Bishop James Cannon, Jr.: Biography of Prohibition Leader

Bishop James Cannon, Jr., became the most powerful temperance leaders in the U.S. He was head of the  Methodist Board of Temperance, Prohibition, and Public Morals. Cannon emerged as the most powerful after the death of Wayne Wheeler in 1927.

Journalist H.L. Mencken said this of Cannon. “Congress was his troop of Boy Scouts and Presidents trembled whenever his name was mentioned.”1  


I.   Early Life

II.  After Ordination

III. Bigoted Bishop

IV.  Downfall

V.   Cannon on Trial

VI.  Personality

VII. Legacy


Bishop James Cannon, Jr.

I. Early Life

The Bishop was born in Salisbury, Maryland on November 13, 1864. He was son of James and Lydia R. (Primrose) Cannon. After attending schools in Salisbry, Cannon received his A.B. degree from Randolf-Macon College in 1884. He received his A.M. from Princeton in 1889. His D.D. was from Randolf-Macon in 1903. Princeton later awarded him an honorary D.D.

II. After Ordination

After his ordination, James Cannon held many posts within the church. His appointment as bishop in 1918 gave him nationwide influence. He used it effectively as he worked to achieve National Prohibition.

Bishop Cannon also held important positions within the Anti-Saloon League. In 1909, he became head of the Virginia State Anti-Saloon League. Next, he became Legislative head of the Anti-Saloon League of America.

III. Bigoted Bishop

Bishop James Cannon
Bishop James Cannon, Jr.

Bishop Cannon hated Catholicism almost as much as alcohol. He called it “The mother of ignorance, superstition, intolerance, and sin.”2 The presidential campaign of 1928 was between Catholic Al Smith and Protestant Herbert Hoover. During it, Cannon “launched extremely personal attacks on Smith that shocked even many seasoned political observers.”3

Cannon also used blatant bigotry. He told voters that Smith wanted

“[T]he Italians, the Sicilians, the Poles, and Russian Jews. That kind has given us a stomach ache. We have been unable to assimilate such people in our national life, so we shut the door on them. But Smith says ‘give me that kind of people.’ He wants the kind of dirty people you find today on the sidewalks of New York.”4

IV. Downfall

Yet Bishop Cannon’s short-lived power came to an end when a political enemy released facts about him. Cannon had been engaged in illegal stock market manipulations with a corrupt firm. Fellow bishops called for a church investigation. Reports that he used Methodist church money to support the Anti-Smith Democrats in 1928 led to federal investigations. Also disclosed was his illegal wartime hoarding of flour, which he later sold at a large profit. Cannon denied any wrong-doing. But the charges kept mounting.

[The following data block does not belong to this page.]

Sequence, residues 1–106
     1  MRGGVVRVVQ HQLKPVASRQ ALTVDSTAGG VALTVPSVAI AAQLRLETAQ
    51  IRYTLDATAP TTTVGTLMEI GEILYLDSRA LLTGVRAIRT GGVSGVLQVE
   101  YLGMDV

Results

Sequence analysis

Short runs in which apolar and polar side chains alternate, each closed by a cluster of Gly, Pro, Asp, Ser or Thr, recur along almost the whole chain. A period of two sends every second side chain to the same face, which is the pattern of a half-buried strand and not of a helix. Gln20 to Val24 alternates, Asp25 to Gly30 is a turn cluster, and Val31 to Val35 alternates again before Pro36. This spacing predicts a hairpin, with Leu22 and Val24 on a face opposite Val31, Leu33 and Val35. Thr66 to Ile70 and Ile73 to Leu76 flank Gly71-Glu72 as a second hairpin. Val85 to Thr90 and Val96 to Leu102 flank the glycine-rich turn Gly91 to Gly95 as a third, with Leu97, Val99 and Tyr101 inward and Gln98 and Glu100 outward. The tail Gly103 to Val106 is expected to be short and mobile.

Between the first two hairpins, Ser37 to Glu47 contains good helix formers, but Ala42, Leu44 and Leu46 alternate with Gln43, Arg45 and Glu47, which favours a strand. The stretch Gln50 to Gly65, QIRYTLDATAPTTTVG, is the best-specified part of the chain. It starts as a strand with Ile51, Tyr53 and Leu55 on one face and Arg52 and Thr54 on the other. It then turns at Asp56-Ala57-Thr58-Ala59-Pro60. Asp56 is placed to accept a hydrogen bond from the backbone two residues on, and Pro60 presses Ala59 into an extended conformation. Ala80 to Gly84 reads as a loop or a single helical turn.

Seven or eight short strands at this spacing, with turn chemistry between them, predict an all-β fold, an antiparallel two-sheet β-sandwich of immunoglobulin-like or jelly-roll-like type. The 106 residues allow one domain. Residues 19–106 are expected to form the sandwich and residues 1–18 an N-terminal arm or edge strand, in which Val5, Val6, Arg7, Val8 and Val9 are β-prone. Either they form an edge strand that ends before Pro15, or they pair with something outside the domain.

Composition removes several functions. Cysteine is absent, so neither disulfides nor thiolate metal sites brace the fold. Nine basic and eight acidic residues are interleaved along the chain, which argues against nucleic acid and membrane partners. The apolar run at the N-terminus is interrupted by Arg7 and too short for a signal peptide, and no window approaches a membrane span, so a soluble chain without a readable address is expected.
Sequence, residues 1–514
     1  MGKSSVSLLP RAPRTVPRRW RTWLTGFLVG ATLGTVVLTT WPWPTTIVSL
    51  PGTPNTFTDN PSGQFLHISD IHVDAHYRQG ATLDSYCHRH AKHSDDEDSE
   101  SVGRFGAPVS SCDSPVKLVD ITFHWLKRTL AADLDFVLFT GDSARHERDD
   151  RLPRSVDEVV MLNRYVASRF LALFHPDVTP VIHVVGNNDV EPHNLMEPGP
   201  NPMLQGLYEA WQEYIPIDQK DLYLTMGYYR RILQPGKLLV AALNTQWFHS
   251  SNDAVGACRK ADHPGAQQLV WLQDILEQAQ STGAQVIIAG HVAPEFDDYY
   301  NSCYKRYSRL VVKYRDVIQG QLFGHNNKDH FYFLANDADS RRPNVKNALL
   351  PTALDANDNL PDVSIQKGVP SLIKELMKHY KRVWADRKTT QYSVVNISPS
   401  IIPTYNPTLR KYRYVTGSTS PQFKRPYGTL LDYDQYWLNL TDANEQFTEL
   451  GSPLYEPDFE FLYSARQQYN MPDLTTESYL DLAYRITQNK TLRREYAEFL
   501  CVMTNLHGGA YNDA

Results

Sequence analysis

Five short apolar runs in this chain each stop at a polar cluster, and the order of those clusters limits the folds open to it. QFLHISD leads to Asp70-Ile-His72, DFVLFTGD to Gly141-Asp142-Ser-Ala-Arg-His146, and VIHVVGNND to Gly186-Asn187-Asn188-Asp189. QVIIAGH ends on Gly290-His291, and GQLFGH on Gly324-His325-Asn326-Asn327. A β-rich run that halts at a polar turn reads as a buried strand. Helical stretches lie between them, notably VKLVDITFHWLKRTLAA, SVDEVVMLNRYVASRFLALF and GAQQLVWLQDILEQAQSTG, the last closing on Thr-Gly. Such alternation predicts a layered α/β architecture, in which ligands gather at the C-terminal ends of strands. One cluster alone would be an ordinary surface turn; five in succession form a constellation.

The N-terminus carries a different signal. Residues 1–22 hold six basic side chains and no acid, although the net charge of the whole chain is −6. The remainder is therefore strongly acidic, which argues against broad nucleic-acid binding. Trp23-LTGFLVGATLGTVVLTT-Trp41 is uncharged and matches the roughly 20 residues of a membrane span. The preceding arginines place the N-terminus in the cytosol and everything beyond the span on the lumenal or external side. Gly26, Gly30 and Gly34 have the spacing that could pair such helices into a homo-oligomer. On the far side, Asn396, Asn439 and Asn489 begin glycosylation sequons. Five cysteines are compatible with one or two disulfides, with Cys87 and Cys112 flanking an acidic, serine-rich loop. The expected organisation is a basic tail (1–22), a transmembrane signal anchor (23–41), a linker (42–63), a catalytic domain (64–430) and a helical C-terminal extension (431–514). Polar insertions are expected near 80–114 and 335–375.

V. Cannon on Trial

Bishop James Cannon
Bishop Cannon on trial.

In 1930, church bishops decided to bring Cannon to trial before a church court. Then newspapers published private letters between Cannon and his secretary. The letters proved they were having a sexual affair while his wife was ill. The bishops reopened the case and the church again voted not to convict its bishop. This time for adultery.

In October 1931, a federal grand jury brought criminal charges against Cannon for violating federal election laws. They alleged he borrowed $65,000 for the campaign but kept $48,000 for himself. After a complex series of trials and appeals Cannon was not found guilty in 1934. But the scandals of his illegal activities, dishonesty, and sexual immorality destroyed his reputation. And they destroyed the influence of this once powerful dry leader.

The expose and disgrace of Bishop Cannon was one of many factors contributing to the repeal of prohibition. That’s because “the drys were thoroughly discredited by Cannon’s conduct of his personal and financial affairs. Opponents of Prohibition had long argued that many prohibitionists were hypocrites.”

VI. Personality

One biographer described Cannon as an unpleasant and deceitful person. He “loved power and prestige, profit and pleasure.” But he was very distant and aloof. A colleague in the Anti-Saloon League described him as “cold as a snake.” Another, with whom he had worked closely for forty years, reported having never seen him laugh and rarely smile.

VII. Legacy

Bishop James Cannon, Jr., died in 1944. But his temperance efforts may not have been in vain.

National Prohibition failed. It also caused serious problems. But today, nearly one of every five adults in the U.S. favors making drinking illegal. Not even Prohibition made drinking illegal! See more at What Did Prohibition Prohibit?

Many more support neo-prohibition. They defend the vestiges that continue to exist. They include high taxes and Blue laws.

The Ku Klux Klan (KKK) was a major defender of Prohibition.

VIII. Resources: Bishop James Cannon, Jr.

About Cannon
By Cannon
    1. Wills, G. Head and Heart, p. 424.
    2. Burns, E. Spirits of America, p. 177.
    3. Rose, K. Women and Repeal, p. 60
    4. Winkler, J. What we say, what we do. United Method Church, April 22, 2007.